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The Biden administration gave Southwest a deadline to issue refunds for the flight chaos over Christmas. A month later, some passengers were still waiting to be paid.

A Southwest Airlines Boeing 737.A Southwest Airlines Boeing 737.

George Rose/Getty Images

  • Southwest cancelled thousands of flights in December, leaving passengers stranded over Christmas.
  • Transportation Sec. Pete Buttigieg gave the airline a deadline for refunds, but it came and went.
  • Southwest has said it is still working daily to process requests for refunds and reimbursements.

Secretary of Transportation Pete Buttigieg gave Southwest Airlines a deadline to issue refunds to those who were impacted by the flight cancellation chaos over Christmas, but a month later some passengers said they were still waiting.

Hoards of travelers experienced flight cancelations over Christmas, but Southwest saw the worst of it. The airline experienced an operational meltdown, cancelling thousands of flights with the disruptions rippling throughout the travel industry.

Secretary of Transportation Pete Buttigieg wrote a letter to Robert Jordan, the CEO of Southwest, on December 28, calling the debacle “unacceptable” and outlining steps the airline needed to take in response. He said the law required Southwest to “provide prompt refunds” for canceled flights that are not rebooked.

“This means Southwest must provide refunds within seven business days if a passenger paid by credit card, and within 20 days if a passenger paid by cash, check, or other means,” the letter said, while also calling on the airline to cover ground transportationhotelsand meals for stranded passengers.

But as of this week, more than a month has passed and some passengers said they are still waiting.

A high school basketball team from Seattle, Washington, that got stranded in Las Vegas for five days over Christmas after Southwest canceled their flight had only received a partial refund as of Tuesday, the coaches told Insider. One coach and his wife also spent over $10,000 on incidental expenses to take care of the team and were still waiting on those reimbursement requests to be reviewed.

John Erickson, a Southwest passenger who was stuck in Denver for three days after Southwest canceled his flight, told WFLA the airline told him it would take months to receive his refund.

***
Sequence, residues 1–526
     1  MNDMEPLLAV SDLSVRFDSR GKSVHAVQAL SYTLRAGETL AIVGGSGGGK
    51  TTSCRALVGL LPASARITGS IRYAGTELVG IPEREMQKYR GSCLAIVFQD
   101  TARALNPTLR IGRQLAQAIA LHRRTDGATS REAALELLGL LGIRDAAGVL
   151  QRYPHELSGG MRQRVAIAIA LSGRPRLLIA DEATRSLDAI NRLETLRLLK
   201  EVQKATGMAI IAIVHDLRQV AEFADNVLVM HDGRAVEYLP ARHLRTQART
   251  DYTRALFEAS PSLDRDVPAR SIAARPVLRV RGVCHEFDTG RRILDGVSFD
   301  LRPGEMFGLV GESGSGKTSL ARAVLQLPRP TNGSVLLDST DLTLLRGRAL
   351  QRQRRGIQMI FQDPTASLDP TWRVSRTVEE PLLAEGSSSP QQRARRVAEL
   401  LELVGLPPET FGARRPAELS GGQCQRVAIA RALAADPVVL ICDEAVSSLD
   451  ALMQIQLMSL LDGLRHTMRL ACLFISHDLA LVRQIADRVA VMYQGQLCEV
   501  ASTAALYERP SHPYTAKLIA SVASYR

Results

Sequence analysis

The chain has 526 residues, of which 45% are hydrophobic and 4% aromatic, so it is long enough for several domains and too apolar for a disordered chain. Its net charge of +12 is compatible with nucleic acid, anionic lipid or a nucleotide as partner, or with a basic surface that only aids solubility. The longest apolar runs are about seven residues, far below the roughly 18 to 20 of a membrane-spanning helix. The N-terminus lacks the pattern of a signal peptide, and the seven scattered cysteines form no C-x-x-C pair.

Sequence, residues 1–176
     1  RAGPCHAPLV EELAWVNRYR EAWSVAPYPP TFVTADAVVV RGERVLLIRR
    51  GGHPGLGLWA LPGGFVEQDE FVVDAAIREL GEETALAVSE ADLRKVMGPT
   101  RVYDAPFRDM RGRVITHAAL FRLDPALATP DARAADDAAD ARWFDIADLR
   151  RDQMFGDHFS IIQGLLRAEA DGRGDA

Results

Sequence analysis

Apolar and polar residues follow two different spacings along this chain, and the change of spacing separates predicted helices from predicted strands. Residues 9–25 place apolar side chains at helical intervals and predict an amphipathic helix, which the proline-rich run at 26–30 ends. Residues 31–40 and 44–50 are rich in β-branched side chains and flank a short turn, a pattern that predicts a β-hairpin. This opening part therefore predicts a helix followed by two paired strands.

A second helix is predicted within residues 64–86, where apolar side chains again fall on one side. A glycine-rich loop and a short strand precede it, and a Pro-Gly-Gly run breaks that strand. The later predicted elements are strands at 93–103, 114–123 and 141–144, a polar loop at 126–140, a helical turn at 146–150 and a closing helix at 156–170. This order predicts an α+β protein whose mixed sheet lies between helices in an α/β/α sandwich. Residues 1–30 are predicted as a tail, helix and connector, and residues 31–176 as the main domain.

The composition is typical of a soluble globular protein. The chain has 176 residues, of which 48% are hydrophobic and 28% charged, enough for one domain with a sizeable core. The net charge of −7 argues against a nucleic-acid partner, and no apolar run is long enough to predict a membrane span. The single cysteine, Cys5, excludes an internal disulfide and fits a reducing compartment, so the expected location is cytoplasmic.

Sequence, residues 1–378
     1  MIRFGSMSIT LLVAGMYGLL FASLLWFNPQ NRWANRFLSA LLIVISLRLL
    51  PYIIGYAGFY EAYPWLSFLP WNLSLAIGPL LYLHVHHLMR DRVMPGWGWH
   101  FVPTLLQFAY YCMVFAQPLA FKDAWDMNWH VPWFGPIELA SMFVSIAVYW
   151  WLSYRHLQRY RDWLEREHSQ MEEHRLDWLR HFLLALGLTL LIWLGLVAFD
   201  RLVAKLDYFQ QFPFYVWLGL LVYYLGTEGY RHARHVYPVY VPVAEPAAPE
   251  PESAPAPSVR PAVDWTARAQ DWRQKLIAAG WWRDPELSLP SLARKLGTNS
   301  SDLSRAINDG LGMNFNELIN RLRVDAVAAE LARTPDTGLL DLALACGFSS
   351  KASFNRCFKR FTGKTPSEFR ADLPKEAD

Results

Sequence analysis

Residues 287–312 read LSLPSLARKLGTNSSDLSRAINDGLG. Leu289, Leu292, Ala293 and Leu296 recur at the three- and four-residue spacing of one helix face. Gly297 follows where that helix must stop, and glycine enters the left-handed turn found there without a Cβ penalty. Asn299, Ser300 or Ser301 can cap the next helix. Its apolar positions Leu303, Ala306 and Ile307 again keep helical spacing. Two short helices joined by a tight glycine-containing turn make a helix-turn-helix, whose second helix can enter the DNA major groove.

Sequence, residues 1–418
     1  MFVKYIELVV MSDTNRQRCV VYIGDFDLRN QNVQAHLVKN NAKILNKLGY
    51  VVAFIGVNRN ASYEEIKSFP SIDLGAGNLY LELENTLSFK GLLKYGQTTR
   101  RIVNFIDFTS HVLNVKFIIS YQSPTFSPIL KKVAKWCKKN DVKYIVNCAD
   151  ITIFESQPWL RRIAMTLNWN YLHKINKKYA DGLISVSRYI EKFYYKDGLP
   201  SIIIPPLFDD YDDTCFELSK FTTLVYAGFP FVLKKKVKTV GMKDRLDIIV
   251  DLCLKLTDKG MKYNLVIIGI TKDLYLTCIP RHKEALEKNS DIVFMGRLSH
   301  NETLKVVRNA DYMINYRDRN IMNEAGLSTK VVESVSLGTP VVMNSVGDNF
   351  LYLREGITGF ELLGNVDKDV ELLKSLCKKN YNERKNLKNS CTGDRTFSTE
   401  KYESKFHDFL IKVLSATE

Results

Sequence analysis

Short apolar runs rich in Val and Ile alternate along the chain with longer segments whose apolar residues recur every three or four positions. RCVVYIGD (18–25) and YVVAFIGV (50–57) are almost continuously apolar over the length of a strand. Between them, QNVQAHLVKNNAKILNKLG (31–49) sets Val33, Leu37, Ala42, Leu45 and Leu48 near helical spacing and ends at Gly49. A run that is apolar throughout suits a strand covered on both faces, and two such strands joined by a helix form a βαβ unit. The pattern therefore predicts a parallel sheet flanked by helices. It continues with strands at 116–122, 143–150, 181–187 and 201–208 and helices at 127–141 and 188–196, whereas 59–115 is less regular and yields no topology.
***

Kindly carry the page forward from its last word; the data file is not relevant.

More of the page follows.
In a statement provided to Insider, Southwest rebuked the possibility it engaged in unrealistic flight schedules.

“Our holiday flight schedule was thoughtfully designed and offered to our Customers with the backing of a solid plan to operate it, and with ample staffing,” the statement said, adding: “Our systems and processes became stressed while working to recover from multiple days of flight cancelations across 50 airports in the wake of an unprecedented storm.”

Southwest previously told Insider last week it was still working daily to process refund and reimbursement requests from passengers.

When contacted by Insider about Southwest not meeting Buttigieg’s timeframe, a Department of Transportation spokesperson said they are still investigating “Southwest Airlines’ holiday debacle that stranded millions.”

The spokesperson said DOT “will hold Southwest accountable if it fails” to issue timely refunds or reimbursements. They added that the agency is also investigating “whether Southwest executives engaged in unrealistic scheduling of flights which under federal law is considered an unfair and deceptive practice.”

Passengers who have not received refunds can also file a complaint with the DOT, and Buttigieg has said the agency will follow up on every one of them to ensure they’re taken care of.

DOT has not been clear about how it plans to hold airlines accountable or enforce its deadlines. John Breyault, the vice president for public policy at the National Consumers League, told The New York Times last month that DOT has been hesitant to hold the airlines accountable, adding: “While Secretary Buttigieg has talked a tough talk, particularly over the past few months, we have yet to see that really translate into action.”

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Read the original article on Business Insider